Open enrollment for Affordable Care Act (ACA) coverage in the Marketplace will run in most states from November 1 to January 15 for those under 65. The Marketplace is operated by the federal government through HealthCare.gov for most states, though some states have their own Marketplaces. Open enrollment is a period of time in which individuals and families can add, drop, or make changes to their ACA health coverage.
What are my options outside of open enrollment?
In general, open enrollment is typically the only time during the year individuals can enroll in a health insurance plan or switch to a different plan.
Once open enrollment for ACA coverage in the Marketplace is over for the year, small businesses and their employees can get health insurance through:
- Special enrollment periods. This period results from a qualifying life event such as marriage, a birth, loss of health insurance, moving, job change/loss etc. and allows people to change/add coverage outside of open enrollment. Find if you qualify here. (Some states, like California and New Jersey, still have 2021 special enrollment periods open due to COVID-19.)
- Medicaid or the Children’s Health Insurance Program (CHIP). You can apply for these at any time. Find if you qualify here.
- Short-term health plans. These plans were created to bridge gaps in coverage while awaiting the next open enrollment period. Short-term plans do not have to adhere to the ACA’s requirements for minimum coverage, do not generally cover pre-existing conditions, and provide limited benefits. Therefore, these plans are generally not a long-term solution for most people.
- Group Health Reimbursement Arrangement (HRA). This option is when an employer offers a high-deductible health plan and reimburses employees for a predetermined amount of out-of-pocket health care expenses (often for deductibles and coinsurances covered under the plan). Businesses can start a Group HRA plan outside of open enrollment, thus creating their own open enrollment period to allow employees to get ACA coverage.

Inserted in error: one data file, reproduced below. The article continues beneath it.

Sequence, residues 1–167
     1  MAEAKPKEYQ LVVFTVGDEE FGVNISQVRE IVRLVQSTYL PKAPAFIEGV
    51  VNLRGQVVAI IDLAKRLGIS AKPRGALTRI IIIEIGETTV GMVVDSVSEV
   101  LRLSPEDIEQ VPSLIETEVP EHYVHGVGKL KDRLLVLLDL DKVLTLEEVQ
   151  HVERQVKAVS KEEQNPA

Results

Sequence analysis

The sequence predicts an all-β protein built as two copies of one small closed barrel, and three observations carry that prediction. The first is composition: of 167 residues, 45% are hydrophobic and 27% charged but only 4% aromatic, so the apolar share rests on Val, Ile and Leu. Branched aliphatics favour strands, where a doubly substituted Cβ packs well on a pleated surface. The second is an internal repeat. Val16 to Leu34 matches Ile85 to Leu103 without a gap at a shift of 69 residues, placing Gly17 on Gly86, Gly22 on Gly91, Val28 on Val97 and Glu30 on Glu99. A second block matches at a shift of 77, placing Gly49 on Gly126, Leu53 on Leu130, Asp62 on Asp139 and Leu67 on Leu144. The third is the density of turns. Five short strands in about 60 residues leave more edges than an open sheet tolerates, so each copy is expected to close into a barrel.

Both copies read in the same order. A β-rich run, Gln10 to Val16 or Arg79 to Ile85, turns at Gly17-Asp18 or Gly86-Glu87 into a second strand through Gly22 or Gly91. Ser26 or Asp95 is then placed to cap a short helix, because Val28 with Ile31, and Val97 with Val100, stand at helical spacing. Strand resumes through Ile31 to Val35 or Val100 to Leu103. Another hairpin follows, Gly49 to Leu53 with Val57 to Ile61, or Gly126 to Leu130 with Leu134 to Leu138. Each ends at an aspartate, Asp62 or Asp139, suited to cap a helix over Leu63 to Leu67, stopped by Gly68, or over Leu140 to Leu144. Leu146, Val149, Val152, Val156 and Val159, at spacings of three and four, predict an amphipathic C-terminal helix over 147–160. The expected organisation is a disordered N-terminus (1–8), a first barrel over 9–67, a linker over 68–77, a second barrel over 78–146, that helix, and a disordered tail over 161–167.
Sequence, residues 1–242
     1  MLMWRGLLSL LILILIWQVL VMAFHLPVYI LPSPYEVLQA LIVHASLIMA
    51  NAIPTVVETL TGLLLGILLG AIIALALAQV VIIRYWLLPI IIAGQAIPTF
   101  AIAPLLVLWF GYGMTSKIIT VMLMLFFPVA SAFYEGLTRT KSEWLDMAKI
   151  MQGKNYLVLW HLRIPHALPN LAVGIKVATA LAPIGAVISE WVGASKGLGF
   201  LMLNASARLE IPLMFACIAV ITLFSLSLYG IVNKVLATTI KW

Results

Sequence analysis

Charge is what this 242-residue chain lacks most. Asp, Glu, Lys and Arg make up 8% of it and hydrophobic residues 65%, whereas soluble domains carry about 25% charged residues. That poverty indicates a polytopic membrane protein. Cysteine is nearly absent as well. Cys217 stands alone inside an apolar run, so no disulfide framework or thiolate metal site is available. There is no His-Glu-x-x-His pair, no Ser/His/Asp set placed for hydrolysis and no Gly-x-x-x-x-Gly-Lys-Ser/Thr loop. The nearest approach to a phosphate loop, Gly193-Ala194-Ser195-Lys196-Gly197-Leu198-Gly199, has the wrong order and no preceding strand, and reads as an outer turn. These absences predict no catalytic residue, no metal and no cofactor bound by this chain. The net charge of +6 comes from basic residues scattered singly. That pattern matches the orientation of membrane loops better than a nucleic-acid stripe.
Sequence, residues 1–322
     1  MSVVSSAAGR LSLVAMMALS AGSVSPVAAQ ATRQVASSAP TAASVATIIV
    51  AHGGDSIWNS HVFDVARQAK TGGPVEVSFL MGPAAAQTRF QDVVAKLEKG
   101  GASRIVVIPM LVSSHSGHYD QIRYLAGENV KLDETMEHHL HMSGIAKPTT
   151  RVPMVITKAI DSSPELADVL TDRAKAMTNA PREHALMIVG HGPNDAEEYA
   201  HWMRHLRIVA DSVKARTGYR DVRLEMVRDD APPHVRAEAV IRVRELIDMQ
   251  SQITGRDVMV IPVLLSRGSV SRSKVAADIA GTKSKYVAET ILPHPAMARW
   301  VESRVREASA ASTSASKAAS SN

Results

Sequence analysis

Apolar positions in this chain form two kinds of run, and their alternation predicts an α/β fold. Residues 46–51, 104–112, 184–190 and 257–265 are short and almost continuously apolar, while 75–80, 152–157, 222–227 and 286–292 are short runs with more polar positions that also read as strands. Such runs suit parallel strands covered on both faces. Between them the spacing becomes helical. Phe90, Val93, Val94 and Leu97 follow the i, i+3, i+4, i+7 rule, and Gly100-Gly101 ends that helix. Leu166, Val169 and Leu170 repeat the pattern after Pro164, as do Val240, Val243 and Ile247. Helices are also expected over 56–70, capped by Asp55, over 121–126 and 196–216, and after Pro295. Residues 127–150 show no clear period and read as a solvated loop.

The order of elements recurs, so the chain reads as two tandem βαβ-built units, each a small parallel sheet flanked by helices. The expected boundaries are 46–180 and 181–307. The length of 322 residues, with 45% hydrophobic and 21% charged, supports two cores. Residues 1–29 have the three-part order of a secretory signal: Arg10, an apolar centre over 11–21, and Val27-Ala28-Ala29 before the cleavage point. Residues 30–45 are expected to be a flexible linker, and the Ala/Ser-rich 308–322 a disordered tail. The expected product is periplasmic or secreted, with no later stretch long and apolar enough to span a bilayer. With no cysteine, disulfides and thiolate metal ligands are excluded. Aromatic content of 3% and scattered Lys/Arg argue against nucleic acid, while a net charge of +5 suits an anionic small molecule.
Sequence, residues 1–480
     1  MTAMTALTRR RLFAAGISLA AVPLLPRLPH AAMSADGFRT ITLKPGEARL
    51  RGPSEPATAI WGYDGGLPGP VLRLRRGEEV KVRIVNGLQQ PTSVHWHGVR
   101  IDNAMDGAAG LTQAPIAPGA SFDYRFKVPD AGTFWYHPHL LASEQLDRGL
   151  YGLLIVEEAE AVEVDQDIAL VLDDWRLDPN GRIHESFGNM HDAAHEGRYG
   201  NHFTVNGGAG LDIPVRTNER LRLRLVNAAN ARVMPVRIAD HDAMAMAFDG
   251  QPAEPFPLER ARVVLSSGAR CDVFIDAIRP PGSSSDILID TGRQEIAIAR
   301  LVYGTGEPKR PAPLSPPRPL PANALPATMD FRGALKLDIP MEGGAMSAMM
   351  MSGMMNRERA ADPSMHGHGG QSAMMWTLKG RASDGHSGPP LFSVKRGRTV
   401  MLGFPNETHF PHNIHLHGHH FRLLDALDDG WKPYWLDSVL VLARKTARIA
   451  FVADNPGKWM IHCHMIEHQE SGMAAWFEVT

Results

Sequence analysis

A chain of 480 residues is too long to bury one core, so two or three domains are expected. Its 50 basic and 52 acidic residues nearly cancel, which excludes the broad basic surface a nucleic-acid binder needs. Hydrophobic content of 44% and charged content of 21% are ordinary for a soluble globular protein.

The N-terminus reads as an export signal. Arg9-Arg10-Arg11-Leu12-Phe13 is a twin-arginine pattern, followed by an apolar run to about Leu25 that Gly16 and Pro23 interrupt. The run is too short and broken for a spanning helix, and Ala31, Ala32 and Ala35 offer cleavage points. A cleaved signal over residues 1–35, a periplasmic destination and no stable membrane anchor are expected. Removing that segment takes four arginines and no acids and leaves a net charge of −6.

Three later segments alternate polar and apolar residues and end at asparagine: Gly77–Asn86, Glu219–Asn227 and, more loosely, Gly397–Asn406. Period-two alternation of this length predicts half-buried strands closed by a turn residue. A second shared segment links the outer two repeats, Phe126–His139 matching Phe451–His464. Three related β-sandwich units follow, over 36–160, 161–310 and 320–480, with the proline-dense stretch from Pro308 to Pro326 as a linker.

- Traditional Group Health Insurance like SHOP. The Small Business Health Options Program (SHOP) offers health and dental insurance coverage for small businesses and their employees. To be eligible, small businesses generally have to employ between 1 and 50 employees. Small businesses can typically enroll year-round. There is no employer contribution requirement for SHOP plans. However, eligible employers that contribute at least 50 percent of the cost of premiums for all full-time employees are eligible for the Small Business Health Care Tax Credit. Find out more about SHOP here.
- Self-Funded Health Insurance. This option is when businesses assume the financial risk for providing health benefits. Instead of paying a fixed premium to an insurance company, a business pays for employees’ out-of-pocket claims. There are significant risks to self-funded health insurance plans. Employees’ claims are unpredictable, and small employers with limited financial resources risk being unable to pay for these claims as they arise.
When does open enrollment begin?
There are two open enrollment periods: one for Medicare (typically for people 65 and older) and one for people under 65.
- Medicare open enrollment for all 50 states runs from October 15 through December 7.
- ACA coverage for people under 65 runs from November 1 through January 15 in a majority of states. It is important to note that in order to have a health plan that takes effect January 1, 2022, enrollments must be completed by December 15, 2021. Enrollments completed after December 15 will be effective February 1, 2022. Some areas of the country, like California and the District of Columbia, have permanently extended their open enrollment periods to January 31. Other states may offer year-to-year extensions to open enrollment, but this is not guaranteed. Always check with your state’s website for updated 2022 dates.
Where can I find more information on Open Enrollment 2022?